Description: The Maryland-National Capitol Park and Planning Commission (Commission) required the creation of a new Point Feature Class containing address information for all known Multifamily properties/buildings within Prince George’s County, Maryland. The new feature class was created using existing Multifamily address data of approximately 115,000 addresses, which was maintained and provided the Commission. The existing Multifamily addresses were geocoded using a combination of the Commission’s PGAtlas.com Composite Geocoder and manual address identification and update. This Technical Memorandum documents the process that was used to geocode the existing Multifamily addresses to generate the new Multifamily Point Feature Class.
Description: This dataset contains buildings within Prince George's County. Building ruins, buildings under construction, and parking garages are also included. Overhead rooftops, or canopies, are shown with a separate feature code and features running under are not clipped out. Each feature is attributed with height in feet and roof type of either gable or flat. This data was captured for use in general mapping at a scale of 1:1200.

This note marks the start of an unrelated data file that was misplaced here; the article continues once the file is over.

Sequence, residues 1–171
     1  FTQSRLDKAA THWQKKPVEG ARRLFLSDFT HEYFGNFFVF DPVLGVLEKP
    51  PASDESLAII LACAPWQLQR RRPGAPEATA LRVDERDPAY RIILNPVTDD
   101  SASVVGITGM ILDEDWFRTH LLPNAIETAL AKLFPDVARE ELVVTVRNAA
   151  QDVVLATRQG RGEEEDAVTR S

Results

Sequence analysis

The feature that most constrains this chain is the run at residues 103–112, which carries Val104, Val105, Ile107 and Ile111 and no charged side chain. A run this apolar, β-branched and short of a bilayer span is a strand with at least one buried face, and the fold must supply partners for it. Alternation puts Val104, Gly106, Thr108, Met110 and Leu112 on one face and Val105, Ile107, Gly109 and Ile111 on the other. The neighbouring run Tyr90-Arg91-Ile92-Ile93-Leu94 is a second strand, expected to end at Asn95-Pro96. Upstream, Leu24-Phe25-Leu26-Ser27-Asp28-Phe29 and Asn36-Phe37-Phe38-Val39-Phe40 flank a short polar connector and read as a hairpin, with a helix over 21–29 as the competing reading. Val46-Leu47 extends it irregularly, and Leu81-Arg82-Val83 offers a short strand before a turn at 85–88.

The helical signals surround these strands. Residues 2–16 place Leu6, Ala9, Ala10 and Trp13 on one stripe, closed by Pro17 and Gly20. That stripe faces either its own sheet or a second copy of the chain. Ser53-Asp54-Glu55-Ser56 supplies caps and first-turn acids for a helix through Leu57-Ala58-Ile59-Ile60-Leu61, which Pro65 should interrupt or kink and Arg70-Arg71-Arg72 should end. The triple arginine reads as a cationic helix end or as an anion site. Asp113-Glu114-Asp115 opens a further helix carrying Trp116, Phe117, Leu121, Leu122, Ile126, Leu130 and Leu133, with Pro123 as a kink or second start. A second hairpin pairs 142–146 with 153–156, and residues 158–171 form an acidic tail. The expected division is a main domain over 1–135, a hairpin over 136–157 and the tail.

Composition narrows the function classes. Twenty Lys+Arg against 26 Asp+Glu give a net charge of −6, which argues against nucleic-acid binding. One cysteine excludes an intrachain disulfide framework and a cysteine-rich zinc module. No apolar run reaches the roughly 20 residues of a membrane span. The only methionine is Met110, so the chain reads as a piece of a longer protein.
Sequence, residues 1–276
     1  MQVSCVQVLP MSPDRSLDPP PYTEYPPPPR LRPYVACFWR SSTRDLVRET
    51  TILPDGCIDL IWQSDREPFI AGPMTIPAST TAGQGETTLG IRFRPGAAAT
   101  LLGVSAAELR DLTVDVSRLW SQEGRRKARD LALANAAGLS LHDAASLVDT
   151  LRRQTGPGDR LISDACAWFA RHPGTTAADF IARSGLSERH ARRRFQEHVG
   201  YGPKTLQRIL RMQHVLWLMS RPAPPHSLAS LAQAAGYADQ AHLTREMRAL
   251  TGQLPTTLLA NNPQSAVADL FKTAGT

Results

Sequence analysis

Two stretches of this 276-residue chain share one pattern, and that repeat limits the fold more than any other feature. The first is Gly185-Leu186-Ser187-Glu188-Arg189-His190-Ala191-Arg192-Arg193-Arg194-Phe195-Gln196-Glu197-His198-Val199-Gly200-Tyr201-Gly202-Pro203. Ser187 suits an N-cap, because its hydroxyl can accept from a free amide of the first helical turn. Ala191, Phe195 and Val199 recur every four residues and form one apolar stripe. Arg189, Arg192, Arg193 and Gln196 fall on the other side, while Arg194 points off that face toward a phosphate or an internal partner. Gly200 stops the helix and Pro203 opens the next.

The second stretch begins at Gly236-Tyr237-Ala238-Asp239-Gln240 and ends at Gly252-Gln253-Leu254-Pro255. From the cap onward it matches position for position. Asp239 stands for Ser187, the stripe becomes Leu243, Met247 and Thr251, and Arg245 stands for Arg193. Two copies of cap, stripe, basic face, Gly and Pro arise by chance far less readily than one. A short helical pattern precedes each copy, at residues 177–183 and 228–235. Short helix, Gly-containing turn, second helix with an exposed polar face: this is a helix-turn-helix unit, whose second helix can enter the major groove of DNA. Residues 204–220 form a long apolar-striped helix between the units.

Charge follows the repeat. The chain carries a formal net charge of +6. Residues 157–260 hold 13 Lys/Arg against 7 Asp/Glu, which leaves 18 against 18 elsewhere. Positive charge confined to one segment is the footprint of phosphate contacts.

Description: The TIGER/Line Files are shapefiles and related database files (.dbf) that are an extract of selected geographic and cartographic information from the U.S. Census Bureau's Master Address File / Topologically Integrated Geographic Encoding and Referencing (MAF/TIGER) Database (MTDB). The MTDB represents a seamless national file with no overlaps or gaps between parts, however, each TIGER/Line File is designed to stand alone as an independent data set, or they can be combined to cover the entire nation. Census Blocks are statistical areas bounded on all sides by visible features, such as streets, roads, streams, and railroad tracks, and/or by nonvisible boundaries such as city, town, township, and county limits, and short line-of-sight extensions of streets and roads. Census blocks are relatively small in area; for example, a block in a city bounded by streets. However, census blocks in remote areas are often large and irregular and may even be many square miles in area. A common misunderstanding is that data users think census blocks are used geographically to build all other census geographic areas, rather all other census geographic areas are updated and then used as the primary constraints, along with roads and water features, to delineate the tabulation blocks. As a result, all 2010 Census blocks nest within every other 2010 Census geographic area, so that Census Bureau statistical data can be tabulated at the block level and aggregated up to the appropriate geographic areas. Census blocks cover all territory in the United States, Puerto Rico, and the Island Areas (American Samoa, Guam, the Commonwealth of the Northern Mariana Islands, and the U.S. Virgin Islands). Blocks are the smallest geographic areas for which the Census Bureau publishes data from the decennial census. A block may consist of one or more faces.